LEGO Architecture meets BIM – Part 20: Information takeoff

Introduction

In the last few posts in the ‘LEGO Architecture meets BIM‘ series we have focussed on sequencing and 4D. In the next couple of posts we look at how the data within a model can be used for information takeoff and costing.

In order to use a Building Information Model (BIM) for information takeoff and subsequently costing it is important that the data is correct. So before the data can be utilised it is imperative that the data has been checked first. Once the data has been checked then we can begin to extract information as required.

Information takeoff and scheduling are largely the same thing (see our earlier post here on scheduling), although information takeoff has a very clear purpose as the name suggests. For me though the differentiator with this post compared to scheduling demonstrated earlier, is that information takeoff can occur outside the authoring tool and use models from any source able to provide an IFC.

There are numerous tools on the market to be able to capture quantities from a model including many that will accept IFC. This blog post specifically uses Solibri Model Checker to demonstrate examples of what can be achieved.

Note: information takeoff (ITO) could also be referred to as quantity take-off (QTO).

Creating an information takeoff

The process of creating an information takeoff within Solibri Model Checker is very straightforward.

Once we have opened an IFC (or multiple IFCs), we navigate to the ‘Information Takeoff’ tab at the top of the Solibri interface and then choose ‘New Information Takeoff Definition’ in the Information Takeoff window. This opens the following dialogue:

Image: Information Takeoff Definition dialogue in Solibri Model Checker [Click to enlarge]

We can Name the information take off, add a Description and choose whether items are grouped or scheduled as one Component per Row. Most importantly the dialogue allows us to configure what should and shouldn’t be included in the information takeoff. In the above we have included all Components but excluded Spaces.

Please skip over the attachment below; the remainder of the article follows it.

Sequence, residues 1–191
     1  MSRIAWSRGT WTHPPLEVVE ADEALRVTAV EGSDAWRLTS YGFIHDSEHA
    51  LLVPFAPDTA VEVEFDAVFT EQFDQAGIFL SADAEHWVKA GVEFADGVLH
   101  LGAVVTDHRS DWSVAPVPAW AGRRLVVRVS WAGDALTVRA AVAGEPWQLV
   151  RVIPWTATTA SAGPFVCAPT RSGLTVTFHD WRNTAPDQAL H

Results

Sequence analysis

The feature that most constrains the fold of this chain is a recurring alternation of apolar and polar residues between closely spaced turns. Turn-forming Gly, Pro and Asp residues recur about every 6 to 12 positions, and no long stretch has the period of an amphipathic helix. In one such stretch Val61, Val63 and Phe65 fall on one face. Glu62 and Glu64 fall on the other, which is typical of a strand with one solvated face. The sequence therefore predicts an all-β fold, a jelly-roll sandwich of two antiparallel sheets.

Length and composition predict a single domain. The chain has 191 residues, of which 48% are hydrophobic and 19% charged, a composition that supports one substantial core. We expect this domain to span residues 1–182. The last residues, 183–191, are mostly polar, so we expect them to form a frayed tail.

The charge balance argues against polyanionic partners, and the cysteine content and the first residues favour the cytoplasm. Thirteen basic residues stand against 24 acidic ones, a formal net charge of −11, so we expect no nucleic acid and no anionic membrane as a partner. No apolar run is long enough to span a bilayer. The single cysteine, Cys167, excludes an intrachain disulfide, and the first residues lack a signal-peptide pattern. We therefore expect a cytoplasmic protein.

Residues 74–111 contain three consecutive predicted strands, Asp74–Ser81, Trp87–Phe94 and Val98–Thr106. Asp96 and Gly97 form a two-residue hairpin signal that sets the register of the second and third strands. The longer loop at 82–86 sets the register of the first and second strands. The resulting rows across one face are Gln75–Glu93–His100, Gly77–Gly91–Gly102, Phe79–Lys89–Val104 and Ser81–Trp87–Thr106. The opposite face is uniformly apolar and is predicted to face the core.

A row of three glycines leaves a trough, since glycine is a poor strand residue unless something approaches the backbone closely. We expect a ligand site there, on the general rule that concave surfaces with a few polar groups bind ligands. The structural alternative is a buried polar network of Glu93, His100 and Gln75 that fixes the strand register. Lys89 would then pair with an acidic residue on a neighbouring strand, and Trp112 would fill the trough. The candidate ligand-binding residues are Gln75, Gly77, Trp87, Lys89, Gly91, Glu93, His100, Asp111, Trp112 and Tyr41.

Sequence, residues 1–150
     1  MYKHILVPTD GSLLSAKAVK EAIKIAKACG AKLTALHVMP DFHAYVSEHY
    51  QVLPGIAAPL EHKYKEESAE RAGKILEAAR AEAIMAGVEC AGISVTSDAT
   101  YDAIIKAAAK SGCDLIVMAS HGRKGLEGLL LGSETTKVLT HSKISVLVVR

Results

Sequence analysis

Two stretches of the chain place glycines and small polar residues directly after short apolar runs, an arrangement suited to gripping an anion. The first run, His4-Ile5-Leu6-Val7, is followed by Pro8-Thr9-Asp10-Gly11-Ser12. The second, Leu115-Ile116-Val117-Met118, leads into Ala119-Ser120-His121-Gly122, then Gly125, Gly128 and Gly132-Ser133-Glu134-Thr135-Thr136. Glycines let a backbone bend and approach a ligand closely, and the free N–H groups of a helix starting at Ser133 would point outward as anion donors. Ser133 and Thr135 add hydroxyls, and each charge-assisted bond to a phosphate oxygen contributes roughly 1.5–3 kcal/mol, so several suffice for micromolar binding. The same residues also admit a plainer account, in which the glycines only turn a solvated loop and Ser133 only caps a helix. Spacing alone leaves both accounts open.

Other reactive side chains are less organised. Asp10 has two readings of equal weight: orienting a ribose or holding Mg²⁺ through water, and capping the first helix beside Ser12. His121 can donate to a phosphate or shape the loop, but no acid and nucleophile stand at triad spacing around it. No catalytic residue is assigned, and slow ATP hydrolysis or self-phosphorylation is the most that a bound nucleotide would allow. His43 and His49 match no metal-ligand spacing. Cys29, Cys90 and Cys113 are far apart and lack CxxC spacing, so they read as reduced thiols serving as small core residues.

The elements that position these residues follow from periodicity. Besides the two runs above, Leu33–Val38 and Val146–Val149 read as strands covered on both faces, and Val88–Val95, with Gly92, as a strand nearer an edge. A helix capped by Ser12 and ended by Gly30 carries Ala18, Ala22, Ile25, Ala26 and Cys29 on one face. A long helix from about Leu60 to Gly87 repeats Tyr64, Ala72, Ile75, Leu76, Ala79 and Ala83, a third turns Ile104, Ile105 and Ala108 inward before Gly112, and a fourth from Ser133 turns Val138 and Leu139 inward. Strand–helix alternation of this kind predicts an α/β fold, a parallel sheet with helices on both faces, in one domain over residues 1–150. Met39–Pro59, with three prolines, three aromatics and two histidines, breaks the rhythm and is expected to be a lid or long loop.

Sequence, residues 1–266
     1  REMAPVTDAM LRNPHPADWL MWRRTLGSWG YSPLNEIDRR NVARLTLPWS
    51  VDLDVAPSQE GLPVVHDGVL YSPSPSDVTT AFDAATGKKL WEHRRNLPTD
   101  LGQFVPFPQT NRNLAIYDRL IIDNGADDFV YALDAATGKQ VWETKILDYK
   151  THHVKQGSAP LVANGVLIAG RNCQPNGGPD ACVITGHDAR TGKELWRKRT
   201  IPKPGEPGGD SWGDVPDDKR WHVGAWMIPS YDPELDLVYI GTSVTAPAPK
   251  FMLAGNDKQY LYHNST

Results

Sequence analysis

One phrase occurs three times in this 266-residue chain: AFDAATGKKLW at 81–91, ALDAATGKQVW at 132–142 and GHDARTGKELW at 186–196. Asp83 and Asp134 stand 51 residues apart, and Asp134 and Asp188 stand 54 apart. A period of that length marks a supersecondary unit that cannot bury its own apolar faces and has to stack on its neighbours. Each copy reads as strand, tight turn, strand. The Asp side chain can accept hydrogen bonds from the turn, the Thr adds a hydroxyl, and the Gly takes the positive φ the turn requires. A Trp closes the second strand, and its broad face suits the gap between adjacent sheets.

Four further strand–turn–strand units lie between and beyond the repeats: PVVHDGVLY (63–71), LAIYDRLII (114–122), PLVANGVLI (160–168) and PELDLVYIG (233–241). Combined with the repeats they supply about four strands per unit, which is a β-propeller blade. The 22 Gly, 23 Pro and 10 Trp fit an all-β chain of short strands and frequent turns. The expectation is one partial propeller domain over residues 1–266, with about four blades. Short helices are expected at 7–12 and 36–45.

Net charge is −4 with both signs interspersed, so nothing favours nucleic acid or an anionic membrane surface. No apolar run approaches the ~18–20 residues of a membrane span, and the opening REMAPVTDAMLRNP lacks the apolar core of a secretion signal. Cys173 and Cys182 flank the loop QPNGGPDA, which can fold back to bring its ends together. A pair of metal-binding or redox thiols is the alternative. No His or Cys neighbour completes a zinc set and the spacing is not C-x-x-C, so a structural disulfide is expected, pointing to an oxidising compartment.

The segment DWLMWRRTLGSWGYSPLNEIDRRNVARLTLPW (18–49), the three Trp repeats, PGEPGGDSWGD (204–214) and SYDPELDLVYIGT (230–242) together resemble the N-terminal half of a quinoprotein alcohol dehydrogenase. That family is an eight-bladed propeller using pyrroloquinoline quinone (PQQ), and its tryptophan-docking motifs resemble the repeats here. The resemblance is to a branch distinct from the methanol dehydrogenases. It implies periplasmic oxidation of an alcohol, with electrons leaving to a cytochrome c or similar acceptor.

Once we have created the Information takeoff we can then choose which fields of data we want to use the model. This is done by right clicking on the data in the schedule. We can add, remove and edit as required.

Image: Editing the Information Takeoff in Solibri Model Checker [Click to enlarge]

Of course we can add pretty much any piece of information to the information takeoff that exists within the model. Additionally some fields such as Color can be added to help visualise the data in the information takeoff.

Key to information takeoff is adding information that will allow costs to be associated. This would typically either be choosing data from the ‘Component Count’, ‘Quantity’ or from ‘Property Set’ where quantity information exported from the native model will be contained. This could include ‘Base Quantities’ if they have been exported.

One small note specifically about Solibri Model Checker is that it creates its own quantities from the geometry provided. In my opinion this should be used with caution, however it does offer the ability to extract quantities from models that may not have add any quantity data extracted. I have seen others use this data with costing software in order to provide more accurate measurements.

Image: Creating a New Column for Information Takeoff in Solibri Model Checker [Click to enlarge]

All information takeoffs can be saved for reuse if they will needed again.

That’s it. A really simple process to provide a list of items with quantities.

Information Takeoffs

The LEGO model is probably the simplest thing that information takeoff could be applied to. As LEGO is a series of Types we can simply use the Type Name to work out how many of each piece we have and then price these accordingly.

Below is an example of how these Types appear in the Information Takeoff. The Type and Count give us the information to be able to apply costs. The ‘Color’ field simply allows us to visualise these pieces in the model.

Image: All Types in the Information Takeoff [Click to enlarge]

If we click on any line in the Information Takeoff we can then view those particular pieces in the model. In the example below this allows us to view the 26 White Brick 1X1 pieces.